Another behavior Twitter discourages is “follow churn.” Twitter defines this as “repeatedly following and un-following large numbers of other users.” We’re not sure why people would do this. It may be a misguided attempt to get around Twitter follow limits (Twitter limits how many you can follow in proportion to how many follow you). So you follow people, and as soon as they follow you back, then you unfollow them so you can follow others. Of course, this kind of behavior is risky, not to mention rude. You could get banned.
Having your Twitter account compromised or hacked can also lead to suspension. In this case, suspension is a good thing. It protects everyone from malware and other issues. Suspension in this case is less painful than your reputation getting smeared when all your followers get spammed with offensive stuff from your account.
Political pundits using Twitter sometimes push things to the limit with behavior that can lead to suspension. This post on RedState discusses examples of intentionally trying to get other users kicked off Twitter, in order to silence political foes. However, most business users don’t engage in that kind of deliberate targeting behavior.
Small business users understand the value of Twitter. Many small business owners and entrepreneurs spend considerable time and money building a Twitter following. They don’t want to risk suspensions from deliberate behaviors.
True, there are aggressive online marketers who push the envelope. But most Main Street small businesses don’t want to take such risks.
So back to the question. What caused the recent round of Twitter suspensions of non-spam business accounts?
Over the years it’s been reported that Twitter has automated algorithms to detect violations of its rules. It’s quite possible that an algorithm was somehow tripped in error snagging all these business accounts. Or it could simply have been a systems glitch of some kind. (We contacted Twitter for an explanation but received no response.)
More Rules: Why a Twitter Account Can Be Suspended
The Twitter Rules page gives a list of limitations on how to use Twitter. Ignoring these could get you into trouble. They include:
- Impersonation — You can’t intentionally try to deceive other users into believing you’re another person.
- Trademark — You can’t claim a user name that another business or user has legal right to use.
- Private information — You can’t share other people’s sensitive information like credit card numbers, street address or Social Security/National Identity numbers on the site.
- Violence and Threats — You can’t use Twitter to threaten others.
- Copyright — Twitter has a procedure for handling claims of infringement as a result of something posted to your Twitter account.
- Unlawful use — You can’t use Twitter in a way that would either break the law or cause it to be broken.
- Misuse of Twitter Badges — You can’t use official badges such as the Verified badge unless Twitter has given them to you.
There is also a list of activities Twitter considers spamming. The list is extensive.
You might be surprised by what Twitter says it will take into account as evidence of ”spam.” Most business users are.
Take a few minutes to study this list. Note that the rules do not say that each of the items is by itself spam — just that they are “factors” Twitter will take into account in determining whether the account is spam.
We imagine that Twitter looks at an account in its entirety to determine spamming. Otherwise, a lot of business accounts (even from mega-brands) would be considered spam for such behaviors as primarily tweeting out links rather than personal updates. Yes, that’s on the spam list.
Try to look objectively at your own account. If you or your staff members are intentionally engaging in multiple behaviors on the Twitter spam list — you are living on borrowed time. Make changes before you get suspended.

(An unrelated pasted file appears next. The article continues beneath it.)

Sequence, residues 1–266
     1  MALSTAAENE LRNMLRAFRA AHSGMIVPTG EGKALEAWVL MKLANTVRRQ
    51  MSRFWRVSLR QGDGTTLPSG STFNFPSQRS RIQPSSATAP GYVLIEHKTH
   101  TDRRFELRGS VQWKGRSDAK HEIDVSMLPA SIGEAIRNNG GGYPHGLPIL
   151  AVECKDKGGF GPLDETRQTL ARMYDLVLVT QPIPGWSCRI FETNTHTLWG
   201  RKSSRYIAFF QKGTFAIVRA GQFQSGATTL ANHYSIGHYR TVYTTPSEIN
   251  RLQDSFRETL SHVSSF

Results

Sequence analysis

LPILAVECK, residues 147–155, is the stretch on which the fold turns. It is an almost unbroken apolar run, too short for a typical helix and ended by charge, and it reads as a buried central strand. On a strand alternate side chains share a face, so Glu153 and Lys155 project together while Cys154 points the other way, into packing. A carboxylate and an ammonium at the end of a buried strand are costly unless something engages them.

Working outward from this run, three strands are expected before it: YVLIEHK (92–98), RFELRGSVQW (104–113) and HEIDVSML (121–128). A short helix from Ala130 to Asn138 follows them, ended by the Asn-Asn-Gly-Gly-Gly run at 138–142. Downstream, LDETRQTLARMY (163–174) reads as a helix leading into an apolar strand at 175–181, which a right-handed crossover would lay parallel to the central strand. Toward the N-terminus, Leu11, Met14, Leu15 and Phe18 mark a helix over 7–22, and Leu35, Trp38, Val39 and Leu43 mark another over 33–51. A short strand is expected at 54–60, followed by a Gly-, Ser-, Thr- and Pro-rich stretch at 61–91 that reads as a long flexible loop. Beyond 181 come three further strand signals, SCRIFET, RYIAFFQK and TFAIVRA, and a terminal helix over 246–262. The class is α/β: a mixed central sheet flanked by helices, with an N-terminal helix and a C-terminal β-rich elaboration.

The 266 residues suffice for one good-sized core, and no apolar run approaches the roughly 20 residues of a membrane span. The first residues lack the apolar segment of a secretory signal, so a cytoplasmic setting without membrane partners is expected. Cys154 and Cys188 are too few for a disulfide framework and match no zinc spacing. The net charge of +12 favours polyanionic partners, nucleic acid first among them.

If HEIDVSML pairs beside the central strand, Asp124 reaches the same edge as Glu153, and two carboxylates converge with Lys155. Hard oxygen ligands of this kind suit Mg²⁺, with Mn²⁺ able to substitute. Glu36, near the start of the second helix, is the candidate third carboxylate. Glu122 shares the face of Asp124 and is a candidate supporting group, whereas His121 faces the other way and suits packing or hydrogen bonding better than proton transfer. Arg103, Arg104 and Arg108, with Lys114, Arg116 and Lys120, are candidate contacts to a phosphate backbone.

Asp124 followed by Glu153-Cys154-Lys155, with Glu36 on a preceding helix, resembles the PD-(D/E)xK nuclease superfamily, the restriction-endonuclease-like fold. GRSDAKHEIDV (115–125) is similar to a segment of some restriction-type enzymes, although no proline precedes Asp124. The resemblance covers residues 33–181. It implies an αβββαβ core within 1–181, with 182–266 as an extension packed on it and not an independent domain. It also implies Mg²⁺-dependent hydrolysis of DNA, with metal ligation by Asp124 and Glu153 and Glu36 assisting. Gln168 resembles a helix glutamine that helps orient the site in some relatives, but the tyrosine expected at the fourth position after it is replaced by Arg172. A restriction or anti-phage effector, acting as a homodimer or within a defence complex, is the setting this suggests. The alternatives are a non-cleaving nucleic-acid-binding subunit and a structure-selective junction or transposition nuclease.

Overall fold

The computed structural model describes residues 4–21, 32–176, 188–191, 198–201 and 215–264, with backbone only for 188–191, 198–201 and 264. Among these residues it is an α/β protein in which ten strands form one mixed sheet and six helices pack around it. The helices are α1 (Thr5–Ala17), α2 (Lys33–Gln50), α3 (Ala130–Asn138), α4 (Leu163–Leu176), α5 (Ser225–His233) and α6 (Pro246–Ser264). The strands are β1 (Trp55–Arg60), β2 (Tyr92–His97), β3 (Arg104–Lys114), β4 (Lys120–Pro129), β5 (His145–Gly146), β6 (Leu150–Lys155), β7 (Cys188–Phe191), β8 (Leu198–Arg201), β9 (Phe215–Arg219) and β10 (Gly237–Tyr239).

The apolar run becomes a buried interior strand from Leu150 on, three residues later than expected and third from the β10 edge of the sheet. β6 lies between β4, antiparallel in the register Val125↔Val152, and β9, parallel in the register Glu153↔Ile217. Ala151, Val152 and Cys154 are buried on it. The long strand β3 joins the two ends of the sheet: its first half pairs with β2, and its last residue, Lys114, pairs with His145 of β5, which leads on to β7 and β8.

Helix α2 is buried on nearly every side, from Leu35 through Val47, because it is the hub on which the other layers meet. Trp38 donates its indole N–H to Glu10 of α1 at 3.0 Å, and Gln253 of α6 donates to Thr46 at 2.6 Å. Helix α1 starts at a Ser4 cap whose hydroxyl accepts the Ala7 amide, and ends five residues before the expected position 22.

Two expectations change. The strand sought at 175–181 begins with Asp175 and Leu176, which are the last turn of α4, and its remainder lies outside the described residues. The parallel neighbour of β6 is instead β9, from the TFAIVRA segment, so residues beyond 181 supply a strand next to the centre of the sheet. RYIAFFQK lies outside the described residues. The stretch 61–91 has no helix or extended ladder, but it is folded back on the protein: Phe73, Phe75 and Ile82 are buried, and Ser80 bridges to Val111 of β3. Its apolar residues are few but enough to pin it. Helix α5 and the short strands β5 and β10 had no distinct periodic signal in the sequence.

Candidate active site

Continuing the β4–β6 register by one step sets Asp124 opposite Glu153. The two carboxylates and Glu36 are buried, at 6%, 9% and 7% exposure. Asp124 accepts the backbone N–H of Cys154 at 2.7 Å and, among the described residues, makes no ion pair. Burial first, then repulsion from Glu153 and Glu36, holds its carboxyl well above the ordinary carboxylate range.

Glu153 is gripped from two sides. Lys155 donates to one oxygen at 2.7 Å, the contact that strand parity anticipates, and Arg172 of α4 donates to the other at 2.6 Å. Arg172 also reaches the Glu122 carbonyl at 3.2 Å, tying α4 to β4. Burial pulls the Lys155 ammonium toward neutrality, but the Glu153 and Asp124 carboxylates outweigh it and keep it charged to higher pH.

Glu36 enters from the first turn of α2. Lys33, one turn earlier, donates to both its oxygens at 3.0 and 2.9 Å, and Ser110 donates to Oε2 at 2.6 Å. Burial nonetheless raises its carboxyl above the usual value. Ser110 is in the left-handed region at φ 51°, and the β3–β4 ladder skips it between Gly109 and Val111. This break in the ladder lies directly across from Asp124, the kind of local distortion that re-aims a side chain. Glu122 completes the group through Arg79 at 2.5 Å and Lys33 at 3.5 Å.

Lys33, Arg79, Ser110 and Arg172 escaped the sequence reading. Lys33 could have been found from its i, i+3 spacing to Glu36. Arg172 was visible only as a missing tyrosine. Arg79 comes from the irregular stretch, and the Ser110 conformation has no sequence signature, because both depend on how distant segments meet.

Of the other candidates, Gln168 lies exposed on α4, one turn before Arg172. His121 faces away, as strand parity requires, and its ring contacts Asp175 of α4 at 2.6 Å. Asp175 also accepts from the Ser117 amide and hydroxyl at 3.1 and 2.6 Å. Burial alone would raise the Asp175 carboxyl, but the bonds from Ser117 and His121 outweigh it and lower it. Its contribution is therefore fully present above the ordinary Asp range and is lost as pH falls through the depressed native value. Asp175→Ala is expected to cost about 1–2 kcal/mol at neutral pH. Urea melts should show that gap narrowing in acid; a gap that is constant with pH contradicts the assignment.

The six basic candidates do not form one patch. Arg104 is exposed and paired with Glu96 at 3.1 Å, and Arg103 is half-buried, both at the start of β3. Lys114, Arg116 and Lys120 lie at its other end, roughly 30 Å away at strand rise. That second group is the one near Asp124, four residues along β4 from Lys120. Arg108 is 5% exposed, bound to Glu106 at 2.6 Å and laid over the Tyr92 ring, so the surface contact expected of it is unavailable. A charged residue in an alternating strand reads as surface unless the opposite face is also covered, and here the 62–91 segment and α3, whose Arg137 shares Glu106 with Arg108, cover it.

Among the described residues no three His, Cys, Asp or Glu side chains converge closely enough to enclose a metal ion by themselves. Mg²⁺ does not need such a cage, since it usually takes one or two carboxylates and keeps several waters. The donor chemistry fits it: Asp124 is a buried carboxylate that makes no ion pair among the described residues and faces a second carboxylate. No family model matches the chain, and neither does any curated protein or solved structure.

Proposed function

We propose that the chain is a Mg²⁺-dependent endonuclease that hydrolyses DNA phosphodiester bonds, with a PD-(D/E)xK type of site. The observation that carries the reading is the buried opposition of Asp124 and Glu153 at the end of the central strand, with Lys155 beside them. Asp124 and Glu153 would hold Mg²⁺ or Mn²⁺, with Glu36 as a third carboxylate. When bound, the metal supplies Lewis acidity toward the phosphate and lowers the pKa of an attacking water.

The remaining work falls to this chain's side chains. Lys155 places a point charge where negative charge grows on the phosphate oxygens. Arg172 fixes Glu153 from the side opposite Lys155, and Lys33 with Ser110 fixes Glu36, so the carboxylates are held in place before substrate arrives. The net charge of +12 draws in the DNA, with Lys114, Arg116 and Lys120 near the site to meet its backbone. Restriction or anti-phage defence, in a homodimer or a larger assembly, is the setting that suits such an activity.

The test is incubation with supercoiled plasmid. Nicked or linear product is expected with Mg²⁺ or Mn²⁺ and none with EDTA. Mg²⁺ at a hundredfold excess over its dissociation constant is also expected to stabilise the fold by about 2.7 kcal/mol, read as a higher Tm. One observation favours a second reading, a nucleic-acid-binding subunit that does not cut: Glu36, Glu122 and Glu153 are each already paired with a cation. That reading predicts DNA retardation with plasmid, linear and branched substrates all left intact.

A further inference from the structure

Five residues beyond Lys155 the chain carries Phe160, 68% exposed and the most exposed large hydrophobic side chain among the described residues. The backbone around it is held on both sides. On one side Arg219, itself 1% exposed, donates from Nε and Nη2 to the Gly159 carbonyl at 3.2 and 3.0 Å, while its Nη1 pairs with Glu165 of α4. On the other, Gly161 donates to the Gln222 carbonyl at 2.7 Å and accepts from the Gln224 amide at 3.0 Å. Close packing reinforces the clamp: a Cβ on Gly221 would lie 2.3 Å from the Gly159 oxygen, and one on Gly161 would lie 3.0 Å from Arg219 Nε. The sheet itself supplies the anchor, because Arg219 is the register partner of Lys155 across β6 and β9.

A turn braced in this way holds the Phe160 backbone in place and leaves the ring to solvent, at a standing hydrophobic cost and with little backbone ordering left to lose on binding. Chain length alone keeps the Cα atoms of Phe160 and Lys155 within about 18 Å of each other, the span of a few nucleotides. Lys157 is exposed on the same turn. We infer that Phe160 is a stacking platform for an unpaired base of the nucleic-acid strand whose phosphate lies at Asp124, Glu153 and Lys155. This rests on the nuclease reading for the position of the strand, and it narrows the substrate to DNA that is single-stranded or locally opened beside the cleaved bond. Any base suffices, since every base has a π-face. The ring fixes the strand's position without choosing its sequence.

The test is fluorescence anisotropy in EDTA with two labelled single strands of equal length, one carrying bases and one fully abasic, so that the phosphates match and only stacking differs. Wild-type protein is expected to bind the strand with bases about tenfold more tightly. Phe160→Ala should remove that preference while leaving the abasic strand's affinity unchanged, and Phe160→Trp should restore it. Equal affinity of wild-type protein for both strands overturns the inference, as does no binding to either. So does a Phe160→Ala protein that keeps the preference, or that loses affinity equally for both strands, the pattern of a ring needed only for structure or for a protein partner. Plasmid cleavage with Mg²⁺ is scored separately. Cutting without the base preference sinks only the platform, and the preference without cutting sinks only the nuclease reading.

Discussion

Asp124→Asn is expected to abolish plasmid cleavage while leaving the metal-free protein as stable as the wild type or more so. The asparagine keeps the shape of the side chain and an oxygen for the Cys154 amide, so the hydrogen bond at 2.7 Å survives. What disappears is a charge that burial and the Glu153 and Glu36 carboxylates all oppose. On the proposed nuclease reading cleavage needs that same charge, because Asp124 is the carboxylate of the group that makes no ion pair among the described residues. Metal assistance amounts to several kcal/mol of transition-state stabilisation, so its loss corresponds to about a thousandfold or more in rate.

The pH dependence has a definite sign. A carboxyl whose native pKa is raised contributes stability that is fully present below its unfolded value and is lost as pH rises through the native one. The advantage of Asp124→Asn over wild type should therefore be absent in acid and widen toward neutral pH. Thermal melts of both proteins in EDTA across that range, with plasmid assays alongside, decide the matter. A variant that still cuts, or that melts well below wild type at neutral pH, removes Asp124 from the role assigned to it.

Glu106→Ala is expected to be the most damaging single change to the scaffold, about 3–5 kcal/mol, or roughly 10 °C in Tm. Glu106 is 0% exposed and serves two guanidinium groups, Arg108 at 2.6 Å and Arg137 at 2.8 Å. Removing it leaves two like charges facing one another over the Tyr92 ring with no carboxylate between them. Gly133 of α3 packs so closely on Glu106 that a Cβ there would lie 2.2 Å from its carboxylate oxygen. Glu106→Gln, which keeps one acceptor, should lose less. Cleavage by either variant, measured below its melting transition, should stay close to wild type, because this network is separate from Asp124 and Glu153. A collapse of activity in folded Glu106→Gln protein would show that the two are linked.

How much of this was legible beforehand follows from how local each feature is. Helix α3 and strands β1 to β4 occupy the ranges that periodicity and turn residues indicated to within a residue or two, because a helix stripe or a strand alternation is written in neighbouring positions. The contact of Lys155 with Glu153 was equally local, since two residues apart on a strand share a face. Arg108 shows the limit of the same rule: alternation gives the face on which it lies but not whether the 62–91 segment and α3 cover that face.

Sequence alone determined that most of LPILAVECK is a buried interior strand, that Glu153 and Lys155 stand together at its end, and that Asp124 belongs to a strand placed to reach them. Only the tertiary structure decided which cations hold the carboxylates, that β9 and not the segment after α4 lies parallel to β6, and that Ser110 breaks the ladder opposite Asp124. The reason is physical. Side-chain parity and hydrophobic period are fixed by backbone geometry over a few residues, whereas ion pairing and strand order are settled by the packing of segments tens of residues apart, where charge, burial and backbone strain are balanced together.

How to Deal with a Twitter Suspension
First, don’t panic! Being suspended from Twitter can be scary, especially if Twitter is part of your marketing and customer service outreach.
But it’s important to keep your cool. Don’t rant and rave at Twitter, or get abusive. Remain polite and businesslike.
We know you feel outraged. You may even feel betrayed if you’ve spent a lot of time touting the benefits of Twitter for business. But letting emotions rule will not help. Follow these steps:
Step 1 — Carefully review all of Twitter’s guidelines again to be sure you have not violated the rules, even accidentally.
Step 2 — Fill out the form provided when you attempt to log in, to appeal the account suspension. Be sure to explain that you have followed all guidelines as far as you know. Ask for a way to resolve the situation as quickly as possible.
Step 3 – Monitor the email inbox associated with your Twitter account, too. You may get one or more automated responses from Twitter that you MUST respond to, or they will consider your appeal closed.
Step 4 — Give it time. Many members have reported reinstatement can take up to 48 hours. But some accounts have been reinstated in just a few hours’ time. If you discover and report the suspension outside of regular business hours, expect it to take longer.
Tip: Don’t freak out if your Twitter account returns with zero followers at first! This appears to be normal in most cases, especially if the suspension was an error. You probably will not have to beg everyone to follow you again. Give it a few hours and your Twitters followers will all likely be back. It happened that way in all the erroneous Twitter suspensions we learned about from business owners.
Remember, you’re not alone. Other business users have been in your shoes and survived.
Have you had your Twitter account suspended? Have any advice to share? Please post it in the comments below.
Twitter, Twitter bird, Jail Photos via Shutterstock
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For a long time I deisgned my own websites. I could never code them, but I always felt like I could design one. I’d spent hours in Photoshop pushing pixels, choosing colors, finding fonts (and apparently alliterating), only to find myself irritable and frustrated.
A few years ago, I finally gave in and started working with a really good designer who’s instincts I now trust (even if I still like to tinker a bit). One of the things I learned about was white space and the idea of letting things breathe a little bit instead of cramming as much as possible into a space.
That being said, if your sales graph’s white space is getting bigger – maybe you’ve got bigger problems.
The post The Plus Side to Low Sales: More White Space appeared first on Small Business Trends.